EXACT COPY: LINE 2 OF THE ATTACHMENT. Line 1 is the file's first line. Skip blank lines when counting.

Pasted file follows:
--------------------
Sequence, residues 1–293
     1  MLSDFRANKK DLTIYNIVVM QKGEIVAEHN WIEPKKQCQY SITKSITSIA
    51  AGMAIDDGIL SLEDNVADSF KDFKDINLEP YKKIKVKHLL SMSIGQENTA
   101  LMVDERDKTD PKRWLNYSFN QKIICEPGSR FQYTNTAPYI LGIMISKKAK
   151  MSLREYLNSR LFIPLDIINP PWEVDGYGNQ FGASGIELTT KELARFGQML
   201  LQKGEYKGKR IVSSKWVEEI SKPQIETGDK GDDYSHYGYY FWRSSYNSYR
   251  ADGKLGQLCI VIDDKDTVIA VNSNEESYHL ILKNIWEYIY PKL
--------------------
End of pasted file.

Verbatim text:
     1  MLSDFRANKK DLTIYNIVVM QKGEIVAEHN WIEPKKQCQY SITKSITSIA